Child Care is a Child Welfare Issue: Why Rise Identified Child Care as a Policy Priority

Halimah Washington, Rise Community Coordinator, discusses the connection between child care and family policing, how child care supports family safety and well-being and why Rise identified access to child care as a policy priority

Q. Why is the campaign for child care important to you as a parent? 

A. Universal child care is important to me as a parent because I have children that need child care after school, sometimes before school, and during the days when school is not in session. Not only do families need child care, but childcare providers need to be paid a living wage so that they can live and eat and provide quality services to our children. 

Q. How is this movement for universal child care connected to family policing? How does child care contribute to safety and well-being for children and parents?

A. It’s connected to the family policing system because  when parents don’t have adequate child care, it can lead to involvement with the family policing system. If a parent has an older child in the home, for example, they may ask the older child to take care of younger children for them. Parents have gotten in trouble for that. Parents have had an investigation launched, even had their children taken away, for that reason. 

When parents don’t have adequate child care, they may be in a situation where they end up having someone who is not safe to be around the child watch the child. That could be dangerous for the child—and could lead to a traumatic investigation, as well. 

Without accessible child care, a parent may have to leave their child home alone in order to go to work, pay the bills, keep the lights on, keep a roof over their head and keep food on the table. If a parent has safe, adequate child care, the parent can go to work without worrying about whether their child is safe and has food in their belly. The child care provider is able to offer a safe environment where the child is fed and is with other children their age. It works out better for parents, eases their mind and makes them less stressed and traumatized. Constantly having to think about the safety of your children while you’re at work is stressful. If parents have access to child care, that’s one less thing they have to worry about.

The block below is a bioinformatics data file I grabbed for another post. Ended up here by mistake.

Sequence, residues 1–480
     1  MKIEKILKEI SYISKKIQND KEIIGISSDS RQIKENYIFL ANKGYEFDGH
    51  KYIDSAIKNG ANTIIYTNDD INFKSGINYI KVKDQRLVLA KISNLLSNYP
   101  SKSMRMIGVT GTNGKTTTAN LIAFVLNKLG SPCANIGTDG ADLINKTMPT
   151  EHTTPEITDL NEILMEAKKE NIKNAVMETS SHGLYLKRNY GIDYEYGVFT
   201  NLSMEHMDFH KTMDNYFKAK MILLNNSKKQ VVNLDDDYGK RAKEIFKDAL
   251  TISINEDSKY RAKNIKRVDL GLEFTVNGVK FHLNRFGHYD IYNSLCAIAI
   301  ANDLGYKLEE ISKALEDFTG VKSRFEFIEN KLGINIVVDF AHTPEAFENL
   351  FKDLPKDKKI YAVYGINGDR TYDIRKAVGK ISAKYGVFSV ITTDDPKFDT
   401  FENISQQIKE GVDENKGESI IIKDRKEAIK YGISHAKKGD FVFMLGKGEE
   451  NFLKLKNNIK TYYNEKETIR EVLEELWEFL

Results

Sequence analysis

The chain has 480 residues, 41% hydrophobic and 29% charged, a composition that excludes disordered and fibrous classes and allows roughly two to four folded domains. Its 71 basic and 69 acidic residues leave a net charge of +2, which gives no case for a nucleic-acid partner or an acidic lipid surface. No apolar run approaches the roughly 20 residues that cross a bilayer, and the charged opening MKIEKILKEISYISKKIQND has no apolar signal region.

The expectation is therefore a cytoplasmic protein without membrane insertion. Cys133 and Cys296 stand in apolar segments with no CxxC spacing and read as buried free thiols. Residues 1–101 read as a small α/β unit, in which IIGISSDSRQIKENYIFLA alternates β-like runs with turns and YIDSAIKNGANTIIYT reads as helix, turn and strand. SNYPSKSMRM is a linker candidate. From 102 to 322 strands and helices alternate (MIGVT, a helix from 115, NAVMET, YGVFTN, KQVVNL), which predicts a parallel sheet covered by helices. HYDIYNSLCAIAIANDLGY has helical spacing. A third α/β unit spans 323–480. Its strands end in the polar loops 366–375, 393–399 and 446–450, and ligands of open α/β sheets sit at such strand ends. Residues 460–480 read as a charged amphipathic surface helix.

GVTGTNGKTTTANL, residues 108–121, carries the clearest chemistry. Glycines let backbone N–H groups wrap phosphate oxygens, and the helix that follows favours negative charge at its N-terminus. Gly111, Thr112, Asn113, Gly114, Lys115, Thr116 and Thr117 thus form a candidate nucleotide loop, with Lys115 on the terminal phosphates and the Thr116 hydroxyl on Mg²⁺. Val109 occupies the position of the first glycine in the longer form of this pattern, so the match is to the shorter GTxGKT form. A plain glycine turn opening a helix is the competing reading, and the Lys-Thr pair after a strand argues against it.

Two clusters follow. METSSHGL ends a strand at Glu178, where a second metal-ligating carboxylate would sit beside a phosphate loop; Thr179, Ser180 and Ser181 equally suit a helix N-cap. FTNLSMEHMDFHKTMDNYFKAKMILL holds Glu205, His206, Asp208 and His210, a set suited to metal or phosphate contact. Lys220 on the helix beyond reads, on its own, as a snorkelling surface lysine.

Q. What did you hear from parents about the need for child care in Rise community conversations and community report backs? How did Rise choose this issue as a policy priority? 

A. As an organization primarily made up of parents impacted by the family policing system, we know from experience about the need for safe, accessible child care that is not affiliated with ACS. During our community conversations and community report backs, we heard about the need for adequate child care, and the need for childcare to be disentangled from ACS and other systems that police, surveil and punish Black and brown families and communities. We heard from parents that in order to get an ACS child care voucher for five years, one has to be under investigation or in danger of losing their children to the family policing system. 

A person who receives an HRA voucher can access free child care, but has to meet income requirements. If you make a dollar over that income requirement, you don’t qualify for free child care any longer.  You don’t make enough money to afford child care, but make too much—even a dollar too much—to qualify for free child care. 

Based on our experiences and what we heard from parents, our participatory action research report calls for high-quality, safe, accessible respite and community-based child care that is not affiliated with ACS. We met with the Alliance for Quality Education (AQE) and learned about the campaign for universal child care and decided it makes sense for us to join them in that campaign. As part of launching our own advocacy campaign, we are also calling for the disentanglement of child care services from ACS. We are calling for a more equitable child care system to be created so parents who need child care the most are able to access it without all of the red tape attached or ACS involvement. 

We encourage everyone who cares about children to get involved in the campaign for universal child care!

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